Welcome to the Eakes' Origami Guide to the Building Code -- or "how to actually build new flashing requirements in the building code".
Water leaking in around windows and doors represents one of our major construction problems. The building codes seem to be constantly changing in an effort to minimize our reliance on caulking, which will always eventually crack. In addition we want to provide a drainage path back out of the wall for any water we fail to stop. One of the most common on-site errors is to rely on caulking rather than proper flashing over the top of windows and doors and in an effort to eliminate this unnecessary leakage problem the codes have gotten very specific as to what is required in the way of a header flashing.
Aside from the code details on header flashings, which I will give you further down, tradespeople are telling me that they don't know how to do the work to satisfy the new codes.
First, just how do you bend the sheet metal to make end dams that do not need any caulking? There are actually several ways to bend the metal that will technically satisfy the code, but several of the possibilities will still be prone to leakage because the way the metal folds doesn't totally block water flow. If you have ever tried folding Japanese Origami you know a bit about the problem, only with sheet metal it is even more difficult than with paper. The animation at the top of this page will show you how to make guide templates and a simple jig which will allow you to make perfect end dams that require no caulking in the corner while totally preventing water flow into the wall. It will take you half an hour to make the jigs, and less than a minute to make a perfect leak proof end dam right on site.
The second difficulty end dams present is the need to slot aluminum or vinyl siding to drop down over the raised sections of the end dams. I am told from the field that trying to snip the slot, or cut it with regular saws is making an unsightly mess at the top of windows. As I set out to find a tool that would take care of this, I discovered that I already had it in my tool box: the FEIN Multi-Master. It is available in Canada through Home Hardware stores and various web stores as well as through most industrial tool outlets. This tool was originally designed for auto body work before we got wood cutting blades to allow us to use it in renovation and finishing. But if we go back to the segmented metal cutting blades, the fact that it oscillates rather than spins allows for easy clean cutting into vinyl or aluminum siding before or after it is put on a wall -- with no breaking of the plastic, bending of the metal or cutting into the sheathing.
So now you simply measure the width of the window or door plus the trim on each side (header flashing must go over the trim all the way to the siding), then add the height of the end dams on each end and you have the length of your header flashing. Draw the cut and fold marks on each end with the drawing templates. Snip out the corners. Place the bending jig over the flashing and bend up the end dam with a pair of needle nose pliers. Then hammer it down flat against the jig. Use the FEIN Multi-Master to cut the aluminum or vinyl to go around the window and two small slots for the end dams. Caulk the outside of the end dam to the siding while you are caulking it to the window anyway. You now have a better window installation than you have ever had before.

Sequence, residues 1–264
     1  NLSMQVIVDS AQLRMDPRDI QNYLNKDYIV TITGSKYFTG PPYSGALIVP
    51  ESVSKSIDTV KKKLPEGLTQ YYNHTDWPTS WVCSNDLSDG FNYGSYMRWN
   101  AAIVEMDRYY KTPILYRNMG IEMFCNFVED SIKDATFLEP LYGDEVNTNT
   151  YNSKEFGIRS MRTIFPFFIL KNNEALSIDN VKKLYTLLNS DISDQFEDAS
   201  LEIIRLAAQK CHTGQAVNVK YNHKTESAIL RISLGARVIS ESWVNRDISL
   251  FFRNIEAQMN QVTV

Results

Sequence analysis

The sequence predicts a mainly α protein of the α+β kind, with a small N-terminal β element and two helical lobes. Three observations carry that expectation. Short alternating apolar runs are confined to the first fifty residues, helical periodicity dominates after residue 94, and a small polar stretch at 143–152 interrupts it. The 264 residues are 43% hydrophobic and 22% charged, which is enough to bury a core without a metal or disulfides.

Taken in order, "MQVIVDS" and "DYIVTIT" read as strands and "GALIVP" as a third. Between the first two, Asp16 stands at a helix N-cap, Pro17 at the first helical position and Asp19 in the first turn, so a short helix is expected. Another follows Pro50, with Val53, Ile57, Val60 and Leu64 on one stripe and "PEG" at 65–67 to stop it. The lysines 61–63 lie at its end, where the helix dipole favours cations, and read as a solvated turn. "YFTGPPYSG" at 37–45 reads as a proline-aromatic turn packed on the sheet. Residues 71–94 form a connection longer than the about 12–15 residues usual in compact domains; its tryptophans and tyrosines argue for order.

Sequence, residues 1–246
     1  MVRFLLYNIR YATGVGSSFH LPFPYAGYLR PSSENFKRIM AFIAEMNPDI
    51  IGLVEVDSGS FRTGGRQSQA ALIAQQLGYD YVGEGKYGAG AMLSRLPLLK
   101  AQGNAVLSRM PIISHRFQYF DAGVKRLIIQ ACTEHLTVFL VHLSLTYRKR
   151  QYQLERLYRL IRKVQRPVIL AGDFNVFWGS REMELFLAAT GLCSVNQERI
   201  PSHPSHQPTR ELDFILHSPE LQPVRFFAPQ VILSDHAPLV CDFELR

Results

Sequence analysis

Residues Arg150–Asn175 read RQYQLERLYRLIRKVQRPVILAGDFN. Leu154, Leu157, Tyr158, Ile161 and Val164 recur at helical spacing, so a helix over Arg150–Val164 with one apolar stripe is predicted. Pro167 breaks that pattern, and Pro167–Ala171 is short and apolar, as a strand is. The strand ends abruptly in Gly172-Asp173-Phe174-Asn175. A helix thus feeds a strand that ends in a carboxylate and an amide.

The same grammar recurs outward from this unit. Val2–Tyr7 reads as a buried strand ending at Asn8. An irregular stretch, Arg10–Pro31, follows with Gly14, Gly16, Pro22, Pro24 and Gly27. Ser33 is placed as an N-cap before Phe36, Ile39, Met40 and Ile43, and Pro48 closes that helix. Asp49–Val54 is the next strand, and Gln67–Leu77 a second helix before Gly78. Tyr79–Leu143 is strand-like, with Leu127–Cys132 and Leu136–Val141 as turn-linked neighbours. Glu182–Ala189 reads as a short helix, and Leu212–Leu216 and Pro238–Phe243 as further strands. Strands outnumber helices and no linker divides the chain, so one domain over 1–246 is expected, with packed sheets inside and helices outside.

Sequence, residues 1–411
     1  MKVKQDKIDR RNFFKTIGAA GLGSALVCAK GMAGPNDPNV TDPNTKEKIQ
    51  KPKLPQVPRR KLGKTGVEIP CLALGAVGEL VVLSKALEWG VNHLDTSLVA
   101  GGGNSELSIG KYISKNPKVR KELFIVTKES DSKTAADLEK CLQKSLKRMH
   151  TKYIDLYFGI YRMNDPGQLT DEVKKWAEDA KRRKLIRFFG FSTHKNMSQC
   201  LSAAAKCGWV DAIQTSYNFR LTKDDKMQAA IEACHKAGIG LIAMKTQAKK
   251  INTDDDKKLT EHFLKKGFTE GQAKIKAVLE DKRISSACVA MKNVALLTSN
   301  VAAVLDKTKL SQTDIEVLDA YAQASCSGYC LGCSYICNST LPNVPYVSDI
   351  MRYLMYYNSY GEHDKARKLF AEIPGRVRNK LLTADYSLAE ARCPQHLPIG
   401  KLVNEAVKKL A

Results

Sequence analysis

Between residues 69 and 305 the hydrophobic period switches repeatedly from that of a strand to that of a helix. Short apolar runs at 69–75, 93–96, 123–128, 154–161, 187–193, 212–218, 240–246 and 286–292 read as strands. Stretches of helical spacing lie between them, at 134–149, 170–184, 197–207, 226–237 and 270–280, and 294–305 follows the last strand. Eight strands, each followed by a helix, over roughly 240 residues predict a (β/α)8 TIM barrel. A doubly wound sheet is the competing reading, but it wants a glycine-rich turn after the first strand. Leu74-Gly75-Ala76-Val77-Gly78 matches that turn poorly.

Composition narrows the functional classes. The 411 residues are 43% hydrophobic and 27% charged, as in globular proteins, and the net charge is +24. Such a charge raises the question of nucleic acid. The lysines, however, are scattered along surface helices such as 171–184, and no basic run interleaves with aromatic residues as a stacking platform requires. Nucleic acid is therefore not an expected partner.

The animation shows a 'generic' jig in that there are no dimensions since the siding thickness, strapping and window placement details will determine the exact size of the flashing material required. But once you make a specific jig, it will work for all windows and doors that you install under the same circumstances. In Canada, windows and doors must be installed according to the CSA-A440.4-07 standard. The Canadian Standards Association was kind enough to give me permission to include in this Origami Guide the specific 2007 details on the head flashing. The following is reproduced from CSA Standard, A440.4-07 Window, Door and Skylight Installation which is copyrighted by Canadian Standards Association, 178 Rexdale Blvd., Toronto, Ontario, M9W 1R3. While use of this material has been authorized, CSA shall not be responsible for the manner in which the information is presented, nor for any interpretations thereof.
Head flashing shall
(a) be a continuous piece long enough to cover the entire window or door head, except as provided in Clause 10.2.5.5 ;
(b) slope a minimum 6% (5.4?) to the exterior to limit the running of water along the flashing and entering the wall at upper corners of windows;
(c) extend upward behind the wall sheathing membrane, or insulating sheathing installed instead of the sheathing membrane, at least 50 mm (2 in);
(d) extend not less than 19 mm (3/4 in) beyond the face of the window or door frame below and have a drip edge to prevent the backflow or runoff of water onto the window or door below;
(e) extend horizontally past the trim at the top corner of the window or door to span the width of the joint between the window or door and the cladding; and
(f) terminate at each end with an end dam
(i) with a height not less than 25 mm (1 in) or 1/10 the value of the 1 in 10 driving rain wind pressure in Pa; and
(ii) at the height defined in Item (f)(i), extending to the face of the adjacent cladding. For more information on CSA or to purchase standards, please visit their website at "www.Shop.CSA.ca"
That saw cut in the vinyl siding at the end of the video was made with a FEIN MultiMaster oscillating tool. I have a whole series of videos on working with this tool in the Learning Curve tab above.